Two of the four Legal Notices recently enacted amend current laws on Temporary Agency Workers and Transfer of Business Regulations whereas the other two Legal Notices usher in new obligations on employers. These are the Annual Leave National Standard Order – which also repeals the Weekly Day of Rest and Annual Vacation Leave National Standard Order; and the Itemised Payslip Regulations.
Temporary Agency Workers
The Temporary Agency Workers (Amendment) Regulations (L.N. 272 of 2018) amends the Temporary Agency Workers Regulations (S.L. 452.106) which originally came into force in 2011. Under the previous legislative framework, temporary agency workers performing similar tasks to those employees at the place of work of such undertaking to which they were deployed could be paid less as long as the temporary work agency paid the temporary agency workers between assignments. This exception has now been removed and the wages due to the temporary agency workers must be at least equal to those that would apply if they had been recruited directly at the place of work of such undertaking.
There is a clear exception to this rule for the first four weeks of any assignment where the temporary agency is not obliged to conform to the new equal pay rule. This exception applies to the assignment, such that even if the temporary agency worker originally deployed is replaced after the four week period, the equal pay rule will apply to the newly deployed temporary agency worker.
Transfer of business
A number of changes have come through the enactment of the Transfer of Business (Protection of Employment) (Amendment) Regulations (L.N. 273 of 2018) which amends the Transfer of Business (Protection of Employment) Regulations (S.L 452.85). The essential changes made through the amendments are such that, to qualify under the rules, the undertaking (which has now been defined but was already previously covered) or business to be transferred is situated in Malta and that the economic entity retains its identity with the objective of pursuing an economic activity. Cross-border implications will also arise when an undertaking situated in Malta is transferred abroad.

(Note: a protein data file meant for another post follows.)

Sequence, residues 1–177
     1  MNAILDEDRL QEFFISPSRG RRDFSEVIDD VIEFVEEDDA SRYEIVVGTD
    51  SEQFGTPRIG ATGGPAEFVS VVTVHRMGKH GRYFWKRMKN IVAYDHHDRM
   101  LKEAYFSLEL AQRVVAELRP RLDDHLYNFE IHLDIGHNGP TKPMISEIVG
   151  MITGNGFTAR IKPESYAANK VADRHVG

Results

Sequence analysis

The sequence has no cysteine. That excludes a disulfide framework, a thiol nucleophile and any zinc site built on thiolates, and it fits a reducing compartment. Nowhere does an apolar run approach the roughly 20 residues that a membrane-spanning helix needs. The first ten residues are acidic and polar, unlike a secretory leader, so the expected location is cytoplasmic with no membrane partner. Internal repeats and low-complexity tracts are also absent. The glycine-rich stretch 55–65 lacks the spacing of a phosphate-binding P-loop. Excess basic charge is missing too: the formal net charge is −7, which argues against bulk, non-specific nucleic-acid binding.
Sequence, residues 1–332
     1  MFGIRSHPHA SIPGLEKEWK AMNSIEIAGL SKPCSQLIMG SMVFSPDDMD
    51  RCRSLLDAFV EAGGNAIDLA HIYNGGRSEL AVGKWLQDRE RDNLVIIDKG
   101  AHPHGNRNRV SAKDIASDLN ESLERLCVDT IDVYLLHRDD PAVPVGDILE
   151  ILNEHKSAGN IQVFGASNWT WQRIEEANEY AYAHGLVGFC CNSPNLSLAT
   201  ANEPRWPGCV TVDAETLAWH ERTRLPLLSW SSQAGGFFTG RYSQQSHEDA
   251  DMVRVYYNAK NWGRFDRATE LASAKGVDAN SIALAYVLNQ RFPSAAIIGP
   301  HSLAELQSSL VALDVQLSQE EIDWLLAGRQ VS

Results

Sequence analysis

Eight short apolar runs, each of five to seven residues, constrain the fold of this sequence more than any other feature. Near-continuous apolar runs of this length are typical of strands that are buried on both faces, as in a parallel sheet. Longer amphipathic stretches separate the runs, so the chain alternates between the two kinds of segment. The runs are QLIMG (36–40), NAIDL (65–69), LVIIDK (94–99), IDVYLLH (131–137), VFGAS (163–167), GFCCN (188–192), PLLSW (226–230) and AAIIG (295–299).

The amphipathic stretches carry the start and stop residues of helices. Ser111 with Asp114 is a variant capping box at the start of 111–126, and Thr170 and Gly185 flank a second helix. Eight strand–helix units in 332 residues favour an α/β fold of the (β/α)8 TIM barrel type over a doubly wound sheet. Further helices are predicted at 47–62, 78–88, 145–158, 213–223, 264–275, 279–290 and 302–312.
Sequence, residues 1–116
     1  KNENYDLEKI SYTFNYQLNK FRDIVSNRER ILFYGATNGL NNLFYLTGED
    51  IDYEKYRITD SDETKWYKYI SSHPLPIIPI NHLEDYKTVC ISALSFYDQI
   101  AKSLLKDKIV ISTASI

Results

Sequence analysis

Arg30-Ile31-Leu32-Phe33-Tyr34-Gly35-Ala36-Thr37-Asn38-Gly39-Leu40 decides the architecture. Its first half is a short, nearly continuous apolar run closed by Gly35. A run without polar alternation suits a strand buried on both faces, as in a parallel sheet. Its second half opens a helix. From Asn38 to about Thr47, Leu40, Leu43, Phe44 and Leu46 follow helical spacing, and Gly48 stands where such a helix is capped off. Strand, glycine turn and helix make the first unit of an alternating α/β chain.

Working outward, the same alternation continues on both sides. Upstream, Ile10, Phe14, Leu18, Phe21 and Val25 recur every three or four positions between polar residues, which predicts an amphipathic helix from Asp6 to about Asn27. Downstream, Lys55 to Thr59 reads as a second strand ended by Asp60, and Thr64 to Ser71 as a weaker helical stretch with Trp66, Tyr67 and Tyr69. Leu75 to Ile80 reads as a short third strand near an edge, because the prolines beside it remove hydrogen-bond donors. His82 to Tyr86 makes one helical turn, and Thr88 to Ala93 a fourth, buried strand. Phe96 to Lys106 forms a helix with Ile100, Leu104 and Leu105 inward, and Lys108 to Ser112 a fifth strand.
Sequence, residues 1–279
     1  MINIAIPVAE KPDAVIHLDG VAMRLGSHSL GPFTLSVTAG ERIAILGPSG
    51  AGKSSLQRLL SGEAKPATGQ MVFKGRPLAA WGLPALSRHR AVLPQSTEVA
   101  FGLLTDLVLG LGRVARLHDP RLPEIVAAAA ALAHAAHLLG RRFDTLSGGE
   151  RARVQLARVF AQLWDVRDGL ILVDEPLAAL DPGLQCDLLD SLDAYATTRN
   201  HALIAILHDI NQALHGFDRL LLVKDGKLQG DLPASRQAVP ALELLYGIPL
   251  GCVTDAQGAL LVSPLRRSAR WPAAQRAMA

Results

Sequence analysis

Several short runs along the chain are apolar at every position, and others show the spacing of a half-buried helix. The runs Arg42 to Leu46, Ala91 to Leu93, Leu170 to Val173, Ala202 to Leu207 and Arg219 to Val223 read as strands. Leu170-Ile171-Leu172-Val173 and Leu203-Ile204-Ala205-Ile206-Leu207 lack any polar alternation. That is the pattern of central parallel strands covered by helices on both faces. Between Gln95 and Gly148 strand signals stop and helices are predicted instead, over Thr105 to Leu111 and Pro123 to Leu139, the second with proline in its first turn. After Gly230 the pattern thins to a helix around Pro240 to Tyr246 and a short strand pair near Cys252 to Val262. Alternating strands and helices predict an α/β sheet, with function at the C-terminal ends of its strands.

Furthermore, a new proviso has been added whereby the conditions of employment of the employees affected by the transfer must remain unchanged during any kind of negotiations which could lead to a case of a transfer of an undertaking. The purpose of this additional clause is unclear since it only applies for the duration of the negotiations which, in turn, implies that the conditions of employment may still be changed under the consultation procedures catered for under article 8 of the Regulations, after such negotiations.
The newly enacted Annual Leave National Standard Order (L.N. 271 of 2018) will come into force as of 1 January 2019. Of the more notable changes, the new National Standard Order limits forced leave (such as shutdown and other forms which involve either the closure of whole or part of the premises) to not more than the equivalent in hours of twelve working days. The National Standard Order also puts an obligation on the employer to notify his employees of the exact dates of the shutdown by the end of January in each calendar year.
In addition to the above, the new National Standard Order now clearly stipulates that annual leave shall be availed on those days agreed upon between the employer and the employee and that any cancellations of booked leave need to be agreed between the said parties. Other changes reflect recent European decisions, including that annual leave continues to accrue during maternity, sick and injury leave. It is also specified that annual leave not availed of by the end of a specific calendar year shall be automatically transferred to the following calendar year when the employee is precluded from taking annual leave as a result of maternity, sickness or injury.
The National Standard Order also sets out that the balance of annual leave, including accrued annual leave; still pending upon termination is to be paid by the employer.
Last but not least, the Itemised Payslip Regulations (L.N. 274 of 2018) were also introduced. In an unprecedented move, the employer is now obliged to provide employees with an itemised payslip before or on the date when the wages fall due. It is interesting to note that these changes now provide a legal basis for the employer to collect certain data on their employees in terms of the GDPR. The items to be included on the payslips are as follows:
a) The name of the employer;
b) The name of the employee;
c) The address of the employer;
d) The employee’s designation;
e) The total wages paid and the breakdown thereof;
f) The number of normal hours worked;
g) The number of hours entitled at overtime;
h) The hours of annual leave availed of and the remaining balance;
i) The number of hours of sick leave availed of;
j) The basic wages received;
k) A breakdown of any bonuses, allowances or commissions received; and
l) Any deductions effected, including N.I contributions and taxes.